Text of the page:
Top positive review
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One of John Ringo's best!
on 28 December 2010
John Ringo "painted himself into a corner" with the Posleen series. The Posleen where unstopable, Geneticaly engineered to be unstopable, attacking in numbers so huge that defenders literally ran out of ammo, breeding faster than space-locusts etc... And some how Humanity is supposed to stop them. John Ringo writes convincing military S.F. Too convincing, by the 2nd book I was convinced. The Posleen where unstopable! So I just didn't believe the next 3 books where John Ringo says (without much explanation) "Humans stopped them".
The Troy series avoids this problem. We get John Ringo's convincing writing, without him contradicting himself. He's cleverly laid the plot for alien races who have been given technology they can use, duplicate, even enhance. but they don't understand the underlying theory. Because they were given it during their equivalent of the 16th century, like giving Henry the V or Tokugawa the technology to build starships. Humanity has a serious advantage, because it understands 5 more centuries of basic theory than it's alien enemies.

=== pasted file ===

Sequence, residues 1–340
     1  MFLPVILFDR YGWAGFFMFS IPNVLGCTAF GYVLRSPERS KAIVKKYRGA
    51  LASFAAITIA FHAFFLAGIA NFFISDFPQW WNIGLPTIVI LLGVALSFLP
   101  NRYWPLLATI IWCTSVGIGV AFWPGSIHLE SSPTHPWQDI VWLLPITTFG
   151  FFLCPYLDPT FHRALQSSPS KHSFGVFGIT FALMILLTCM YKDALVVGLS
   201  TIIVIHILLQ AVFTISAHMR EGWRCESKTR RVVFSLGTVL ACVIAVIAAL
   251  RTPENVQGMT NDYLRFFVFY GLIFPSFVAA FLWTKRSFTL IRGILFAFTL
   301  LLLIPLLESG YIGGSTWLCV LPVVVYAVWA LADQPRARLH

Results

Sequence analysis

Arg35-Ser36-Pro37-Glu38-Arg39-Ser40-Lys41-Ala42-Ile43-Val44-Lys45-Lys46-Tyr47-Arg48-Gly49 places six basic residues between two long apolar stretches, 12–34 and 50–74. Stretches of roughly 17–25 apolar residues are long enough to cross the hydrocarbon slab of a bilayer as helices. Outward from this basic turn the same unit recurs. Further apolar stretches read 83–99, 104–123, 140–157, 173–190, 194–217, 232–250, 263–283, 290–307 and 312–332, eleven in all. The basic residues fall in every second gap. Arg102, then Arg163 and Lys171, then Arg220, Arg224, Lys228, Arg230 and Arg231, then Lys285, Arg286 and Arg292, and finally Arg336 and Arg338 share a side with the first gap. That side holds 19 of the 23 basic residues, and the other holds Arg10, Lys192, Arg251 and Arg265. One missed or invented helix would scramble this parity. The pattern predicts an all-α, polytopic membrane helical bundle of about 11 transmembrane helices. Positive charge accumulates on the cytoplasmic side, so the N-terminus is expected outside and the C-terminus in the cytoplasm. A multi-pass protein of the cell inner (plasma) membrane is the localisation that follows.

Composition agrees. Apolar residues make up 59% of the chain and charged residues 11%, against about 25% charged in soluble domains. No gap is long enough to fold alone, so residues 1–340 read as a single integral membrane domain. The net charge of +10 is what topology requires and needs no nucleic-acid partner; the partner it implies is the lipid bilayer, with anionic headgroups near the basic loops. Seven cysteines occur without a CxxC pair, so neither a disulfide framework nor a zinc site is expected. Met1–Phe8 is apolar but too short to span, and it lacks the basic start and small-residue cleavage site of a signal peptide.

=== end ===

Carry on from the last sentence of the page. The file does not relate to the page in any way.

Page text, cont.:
Troy is the sequel to "Live free or die" and John chose to start the 2nd book several weeks before the end of the preceeding book. So we get to read the same events from the viewpoint of some new characters. Notably the first book has a single paragraph about a pilot crash-landing a shuttle inside the Troy battle station at the start of the Horvath's final attack on Earth. The 2nd book re-explores that event in detail from the viewpoint of other charactes, including the pilot of the shuttle. We also get to read how one of the alien races (Rangora) views human technology.